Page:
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A plaque on the right retropharyngeal wall

  • Author Footnotes
    1 The authors contributed equally for the present work.
    Yu-Kun Zhao
    Footnotes
    1 The authors contributed equally for the present work.
    Affiliations
    Department of Dermatology, The East Division of The First Affiliated Hospital, Sun Yat-sen University, 183 Huangpu Rd. E., Guangzhou 510700, China
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  • Author Footnotes
    1 The authors contributed equally for the present work.
    Jing-Fa Lu
    Footnotes
    1 The authors contributed equally for the present work.
    Affiliations
    Department of Dermatology, The First Affiliated Hospital of Gannan Medical College, Ganzhou 341000, Jiangxi Province, China
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  • Di-Qing Luo
    Correspondence
    Corresponding author.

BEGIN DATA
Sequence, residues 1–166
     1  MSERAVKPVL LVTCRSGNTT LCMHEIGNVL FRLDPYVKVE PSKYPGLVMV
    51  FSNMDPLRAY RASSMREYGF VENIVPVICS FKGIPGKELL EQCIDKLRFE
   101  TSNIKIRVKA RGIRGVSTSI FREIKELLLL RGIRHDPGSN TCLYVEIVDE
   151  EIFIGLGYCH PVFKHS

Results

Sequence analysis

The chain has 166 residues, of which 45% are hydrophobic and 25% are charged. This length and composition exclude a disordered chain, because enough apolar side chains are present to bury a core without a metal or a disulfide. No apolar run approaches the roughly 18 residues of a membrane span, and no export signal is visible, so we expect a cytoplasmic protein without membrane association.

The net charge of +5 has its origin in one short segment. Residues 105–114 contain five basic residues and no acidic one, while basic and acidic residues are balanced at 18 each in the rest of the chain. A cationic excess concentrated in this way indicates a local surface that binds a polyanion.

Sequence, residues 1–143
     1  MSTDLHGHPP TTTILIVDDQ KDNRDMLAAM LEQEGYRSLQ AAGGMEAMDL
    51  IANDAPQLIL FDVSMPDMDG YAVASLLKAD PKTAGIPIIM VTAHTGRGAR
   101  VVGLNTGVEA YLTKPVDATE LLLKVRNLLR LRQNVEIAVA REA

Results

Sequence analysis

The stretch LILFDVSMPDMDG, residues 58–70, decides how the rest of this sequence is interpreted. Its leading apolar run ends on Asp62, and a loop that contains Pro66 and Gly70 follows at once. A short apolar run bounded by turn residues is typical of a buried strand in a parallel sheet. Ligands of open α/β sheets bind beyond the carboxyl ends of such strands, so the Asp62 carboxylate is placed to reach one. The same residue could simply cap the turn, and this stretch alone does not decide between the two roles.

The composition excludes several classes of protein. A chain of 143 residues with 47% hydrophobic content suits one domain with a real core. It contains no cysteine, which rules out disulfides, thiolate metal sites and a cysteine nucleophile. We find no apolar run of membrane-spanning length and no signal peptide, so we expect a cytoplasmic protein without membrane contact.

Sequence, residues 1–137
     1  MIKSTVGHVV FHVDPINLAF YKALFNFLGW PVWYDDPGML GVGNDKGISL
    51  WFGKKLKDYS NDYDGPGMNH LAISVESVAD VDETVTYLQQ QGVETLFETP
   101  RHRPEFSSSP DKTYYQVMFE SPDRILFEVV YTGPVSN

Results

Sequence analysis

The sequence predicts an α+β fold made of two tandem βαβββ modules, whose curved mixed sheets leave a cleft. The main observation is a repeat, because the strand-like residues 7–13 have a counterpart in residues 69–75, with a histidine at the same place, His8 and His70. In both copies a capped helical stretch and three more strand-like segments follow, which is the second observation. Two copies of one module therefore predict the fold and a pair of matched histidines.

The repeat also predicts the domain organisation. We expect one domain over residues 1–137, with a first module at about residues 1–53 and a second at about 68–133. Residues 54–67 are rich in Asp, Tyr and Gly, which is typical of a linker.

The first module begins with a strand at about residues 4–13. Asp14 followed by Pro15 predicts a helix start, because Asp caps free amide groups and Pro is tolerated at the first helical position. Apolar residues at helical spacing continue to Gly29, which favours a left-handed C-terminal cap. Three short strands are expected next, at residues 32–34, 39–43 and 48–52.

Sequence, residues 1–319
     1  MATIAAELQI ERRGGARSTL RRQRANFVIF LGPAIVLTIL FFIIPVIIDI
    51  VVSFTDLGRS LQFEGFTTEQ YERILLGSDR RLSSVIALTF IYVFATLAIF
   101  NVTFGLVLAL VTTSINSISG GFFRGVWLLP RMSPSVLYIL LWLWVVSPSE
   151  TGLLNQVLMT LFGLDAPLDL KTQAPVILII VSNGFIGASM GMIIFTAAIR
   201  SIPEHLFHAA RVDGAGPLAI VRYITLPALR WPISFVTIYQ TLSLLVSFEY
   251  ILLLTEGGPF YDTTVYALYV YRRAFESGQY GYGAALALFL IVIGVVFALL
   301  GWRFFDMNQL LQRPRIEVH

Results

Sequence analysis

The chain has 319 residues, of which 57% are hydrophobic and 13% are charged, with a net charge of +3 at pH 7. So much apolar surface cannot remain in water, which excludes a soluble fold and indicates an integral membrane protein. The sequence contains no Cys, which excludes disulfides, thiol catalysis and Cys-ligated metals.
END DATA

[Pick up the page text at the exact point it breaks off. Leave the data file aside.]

Affiliations
    Department of Dermatology, The East Division of The First Affiliated Hospital, Sun Yat-sen University, 183 Huangpu Rd. E., Guangzhou 510700, China
    Search for articles by this author
  • Author Footnotes
    1 The authors contributed equally for the present work.
Published:December 24, 2022DOI:https://doi.org/10.1016/j.ejim.2022.12.014
      A 25-year-old unmarried man was referred because of 1-week history of mildly sore throat, without association of systemic symptoms. He had an oral sex with a man 3 weeks before his presentation. His-past medical histories were unremarkable. Examination showed a well-delimited plaque with central ulceration on the right retropharyngeal wall, covered with white pseudomembranes and surrounded by erythema (Figure 1). No other rashes were detected elsewhere. Laboratory tests for complete blood cell count, erythrocyte sedimentation rate, biochemistry profiles, C-reactive protein, anti-nuclear antibodies, auto-antibodies and HIV were either within normal limits or negative. Serological tests for syphilis revealed positivity for tolulized red unheated serum test (TRUST) and Treponema pallidum haemagglutination assay with titres of 1:32 and 1:5120, respectively. His-partner was positive for syphilis.
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